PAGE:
Americans watching with interest could hardly have missed the similarity to U.S. President Abraham Lincoln’s first inaugural speech, in which he declared, “It is safe to assert that no government proper ever had a provision in its organic law for its own termination.”

The difference is Lincoln was doing just what he said he was doing, “asserting.” His novel theory had no basis in the words of the U.S. Constitution itself and contradicted both the Declaration of Independence and the ratification statements made by three states, including Virginia, who all reserved the right to secede from the union as a condition of ratification.

The Catalonia Conundrum

Prime Minister Rajoy’s statement, on the other hand, was not based in theory. He was quoting directly Article 2 of the Spanish Constitution, which contains the provision Lincoln had to invent. But Rajoy wasn’t quoting the whole Article, which reads,

The Constitution is based on the indissoluble unity of the Spanish nation, the common and indivisible country of all Spaniards; it recognises and guarantees the right to autonomy of the nationalities and regions of which it is composed, and the solidarity amongst them all.

Jumbled together in that one paragraph are the same conflicting pressures which exploded into civil war in 19th century America and continue to smolder under the surface today. On one hand is the recognition that diverse cultures within the union have a natural right to govern themselves as they see fit, without having their political decisions overridden by politicians in a distant capitol who don’t share their values, have no local stake in the community and, in Catalonia’s case, don’t even speak the same language.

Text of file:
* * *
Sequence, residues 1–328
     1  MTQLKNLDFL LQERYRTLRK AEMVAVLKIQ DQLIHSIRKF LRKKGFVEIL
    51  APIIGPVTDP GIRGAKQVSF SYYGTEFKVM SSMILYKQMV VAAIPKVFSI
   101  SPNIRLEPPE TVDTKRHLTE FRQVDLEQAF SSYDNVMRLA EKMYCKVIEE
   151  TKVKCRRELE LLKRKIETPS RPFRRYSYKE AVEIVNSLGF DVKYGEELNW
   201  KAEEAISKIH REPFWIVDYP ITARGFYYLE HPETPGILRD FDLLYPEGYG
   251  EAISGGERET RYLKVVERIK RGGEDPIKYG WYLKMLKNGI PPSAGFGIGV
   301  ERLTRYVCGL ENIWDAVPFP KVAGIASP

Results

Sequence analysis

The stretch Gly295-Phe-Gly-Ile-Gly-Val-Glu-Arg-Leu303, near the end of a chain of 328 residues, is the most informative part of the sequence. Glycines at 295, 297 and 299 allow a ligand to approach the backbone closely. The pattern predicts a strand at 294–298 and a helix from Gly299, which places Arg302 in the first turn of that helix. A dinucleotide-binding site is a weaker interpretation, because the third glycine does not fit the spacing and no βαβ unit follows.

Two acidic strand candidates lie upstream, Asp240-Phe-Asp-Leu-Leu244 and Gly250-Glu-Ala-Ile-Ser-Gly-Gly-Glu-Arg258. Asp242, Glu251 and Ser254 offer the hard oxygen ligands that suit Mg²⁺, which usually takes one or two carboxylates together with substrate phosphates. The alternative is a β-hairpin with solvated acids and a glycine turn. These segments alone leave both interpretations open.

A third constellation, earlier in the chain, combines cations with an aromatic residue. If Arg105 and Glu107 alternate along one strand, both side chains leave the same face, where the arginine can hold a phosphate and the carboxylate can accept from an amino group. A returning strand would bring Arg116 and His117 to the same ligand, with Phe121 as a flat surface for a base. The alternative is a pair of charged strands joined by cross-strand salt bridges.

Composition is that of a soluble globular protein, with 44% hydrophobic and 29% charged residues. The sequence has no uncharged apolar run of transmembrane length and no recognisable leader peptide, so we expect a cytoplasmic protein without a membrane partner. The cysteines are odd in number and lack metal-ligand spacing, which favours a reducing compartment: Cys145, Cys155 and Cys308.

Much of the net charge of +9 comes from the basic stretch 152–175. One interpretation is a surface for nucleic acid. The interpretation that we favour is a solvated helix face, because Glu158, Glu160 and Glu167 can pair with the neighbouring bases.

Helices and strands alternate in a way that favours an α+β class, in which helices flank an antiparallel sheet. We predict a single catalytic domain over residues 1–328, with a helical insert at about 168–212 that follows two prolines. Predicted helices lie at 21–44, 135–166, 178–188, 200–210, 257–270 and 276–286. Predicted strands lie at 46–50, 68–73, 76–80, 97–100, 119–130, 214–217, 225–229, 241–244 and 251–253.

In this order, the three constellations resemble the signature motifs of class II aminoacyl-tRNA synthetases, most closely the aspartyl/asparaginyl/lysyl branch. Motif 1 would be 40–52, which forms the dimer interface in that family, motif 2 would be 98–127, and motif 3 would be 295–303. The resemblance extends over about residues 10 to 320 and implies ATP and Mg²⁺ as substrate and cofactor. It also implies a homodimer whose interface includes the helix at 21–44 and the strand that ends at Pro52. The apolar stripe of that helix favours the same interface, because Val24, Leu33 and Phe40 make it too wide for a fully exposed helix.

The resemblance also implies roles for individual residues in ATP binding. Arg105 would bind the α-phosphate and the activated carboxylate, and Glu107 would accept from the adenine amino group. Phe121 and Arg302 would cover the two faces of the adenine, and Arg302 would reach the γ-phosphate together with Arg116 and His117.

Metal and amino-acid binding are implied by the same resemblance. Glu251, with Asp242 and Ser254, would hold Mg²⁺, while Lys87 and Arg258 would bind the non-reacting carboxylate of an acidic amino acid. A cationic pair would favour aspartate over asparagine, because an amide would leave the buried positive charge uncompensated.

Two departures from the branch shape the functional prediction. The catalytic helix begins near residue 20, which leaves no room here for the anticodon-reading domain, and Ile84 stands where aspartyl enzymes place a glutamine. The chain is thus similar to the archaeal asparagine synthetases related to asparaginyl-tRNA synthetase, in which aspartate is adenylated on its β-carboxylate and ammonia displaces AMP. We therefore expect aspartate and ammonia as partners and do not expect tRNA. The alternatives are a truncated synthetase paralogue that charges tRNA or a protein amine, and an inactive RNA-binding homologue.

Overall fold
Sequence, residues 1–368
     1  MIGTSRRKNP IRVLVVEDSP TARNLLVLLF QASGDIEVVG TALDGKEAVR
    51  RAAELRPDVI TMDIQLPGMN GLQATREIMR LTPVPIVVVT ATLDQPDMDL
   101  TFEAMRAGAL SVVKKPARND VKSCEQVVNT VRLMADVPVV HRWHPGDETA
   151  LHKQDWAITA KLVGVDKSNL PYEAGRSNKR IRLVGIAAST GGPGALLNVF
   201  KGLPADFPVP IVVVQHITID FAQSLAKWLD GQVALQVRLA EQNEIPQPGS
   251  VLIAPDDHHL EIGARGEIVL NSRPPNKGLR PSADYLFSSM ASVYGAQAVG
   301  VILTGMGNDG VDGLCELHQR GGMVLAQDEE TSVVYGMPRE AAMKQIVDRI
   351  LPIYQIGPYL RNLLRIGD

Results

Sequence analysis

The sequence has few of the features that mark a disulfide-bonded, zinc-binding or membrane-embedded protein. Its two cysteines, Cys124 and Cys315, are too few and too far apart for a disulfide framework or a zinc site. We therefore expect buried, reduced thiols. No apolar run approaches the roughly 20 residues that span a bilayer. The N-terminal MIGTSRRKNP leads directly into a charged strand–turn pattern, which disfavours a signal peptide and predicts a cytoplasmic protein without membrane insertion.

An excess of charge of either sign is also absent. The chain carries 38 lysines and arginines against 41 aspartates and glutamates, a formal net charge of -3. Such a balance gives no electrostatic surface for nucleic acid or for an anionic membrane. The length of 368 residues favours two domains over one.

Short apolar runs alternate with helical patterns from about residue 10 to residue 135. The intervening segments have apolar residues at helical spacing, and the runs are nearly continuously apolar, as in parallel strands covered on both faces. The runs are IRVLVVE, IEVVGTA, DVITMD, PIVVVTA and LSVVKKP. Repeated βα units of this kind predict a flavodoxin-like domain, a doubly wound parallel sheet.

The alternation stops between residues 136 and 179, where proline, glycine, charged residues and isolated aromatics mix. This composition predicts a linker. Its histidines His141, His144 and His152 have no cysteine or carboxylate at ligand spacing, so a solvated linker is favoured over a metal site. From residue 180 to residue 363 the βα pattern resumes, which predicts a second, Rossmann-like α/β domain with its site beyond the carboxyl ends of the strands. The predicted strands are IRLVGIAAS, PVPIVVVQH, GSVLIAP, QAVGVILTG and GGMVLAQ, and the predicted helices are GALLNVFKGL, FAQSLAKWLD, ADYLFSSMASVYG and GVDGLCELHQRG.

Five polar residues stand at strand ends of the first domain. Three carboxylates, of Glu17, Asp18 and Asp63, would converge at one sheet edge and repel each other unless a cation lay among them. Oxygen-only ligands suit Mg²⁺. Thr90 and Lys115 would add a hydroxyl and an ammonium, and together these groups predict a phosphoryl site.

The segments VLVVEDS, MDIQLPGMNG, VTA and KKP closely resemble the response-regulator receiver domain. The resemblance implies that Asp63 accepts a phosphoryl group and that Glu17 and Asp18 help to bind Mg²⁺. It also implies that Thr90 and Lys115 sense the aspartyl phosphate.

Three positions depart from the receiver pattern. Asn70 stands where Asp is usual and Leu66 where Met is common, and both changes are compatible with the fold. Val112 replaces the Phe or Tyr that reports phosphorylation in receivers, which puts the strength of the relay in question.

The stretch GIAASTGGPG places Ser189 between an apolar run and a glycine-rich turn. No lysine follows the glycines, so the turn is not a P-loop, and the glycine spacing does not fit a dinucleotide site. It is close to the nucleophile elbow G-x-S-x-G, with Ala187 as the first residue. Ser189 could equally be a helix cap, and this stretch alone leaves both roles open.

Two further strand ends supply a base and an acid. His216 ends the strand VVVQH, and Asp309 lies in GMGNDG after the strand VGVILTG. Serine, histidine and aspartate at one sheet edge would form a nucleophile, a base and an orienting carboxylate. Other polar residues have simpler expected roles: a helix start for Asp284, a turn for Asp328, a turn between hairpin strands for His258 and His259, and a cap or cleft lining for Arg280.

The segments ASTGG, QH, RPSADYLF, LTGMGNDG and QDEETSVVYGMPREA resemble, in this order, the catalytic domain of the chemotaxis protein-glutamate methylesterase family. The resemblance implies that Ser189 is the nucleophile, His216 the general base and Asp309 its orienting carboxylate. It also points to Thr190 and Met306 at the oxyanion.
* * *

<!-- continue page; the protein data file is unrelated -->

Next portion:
Read the rest at Foundation for Economic Education…

Tom Petty Memories


pettyLike the rest of the music-loving world, I was shocked and saddened to hear of Tom Petty’s untimely passing this week. I suppose I took him for granted, assuming he would always be there making outstanding music, as he had for virtually my entire life. Now that he’s gone, I thought I’d share just a few memories of times the man touched my life.

I had just turned 14 years old when Tom Petty and the Heartbreakers released their breakout album, Damn the Torpedoes. In those days, if you didn’t have the album, you listened to the radio, waiting for your favorite songs to come on, and then turned it up as loud as it went when they did. It was the heyday of the “boom box,” the radio/cassette player combo that ran on batteries or AC. Mine was dark grey.

I didn’t have to buy Damn the Torpedoes right away because my friend, Andy, whose house I lived at when he wasn’t living at mine, had it soon after it was released. That is, one of his four brothers had it, meaning we had it, as long as none of them caught us playing it.

By the way, Wikipedia says Damn the Torpedoes peaked at #2, kept out of the #1 spot by Pink Floyd’s The Wall. But I distinctly remember lying on the floor of my bedroom, hearing Refugee come on the radio and the DJ saying it was from Petty’s album that had been “flip-flopping with Pink Floyd’s The Wall” for the #1 spot for several weeks. I know the internet is never wrong, but it peaked at #1 as far as I’m concerned.

By the time Hard Promises came out, my friend and I were militantly in opposite camps. He liked heavy metal and I liked punk and “new wave.” This was a divide that made Republican vs. Democrat or Yankees vs. Red Sox seem trivial. But we both loved TP & the HBs and were both hell bent on being at the show when the band came to town in the summer of 1981.

Andy’s older brother, Tom, took us under his wing in those pre-driver’s license days. And he had some sort of connection to get good tickets to concerts. Andy and I knew nothing of these worldly things. But, true friend that he was, Andy thought of no one but me in terms of who would accompany him to the concert.

There was only one catch: His brother also had secured tickets to the Judas Priest concert earlier the same summer. And if I wanted to go to see Tom Petty, I’d have to go with my friend to see Judas Priest.

It was a dastardly move, albeit an ingenious one, and he knew he had me. No way was I missing what was to be the single-greatest moment of my life up until that point. But that a heavy metal band was to be my first-ever rock concert gnawed at me. I just hoped none of my other friends found out.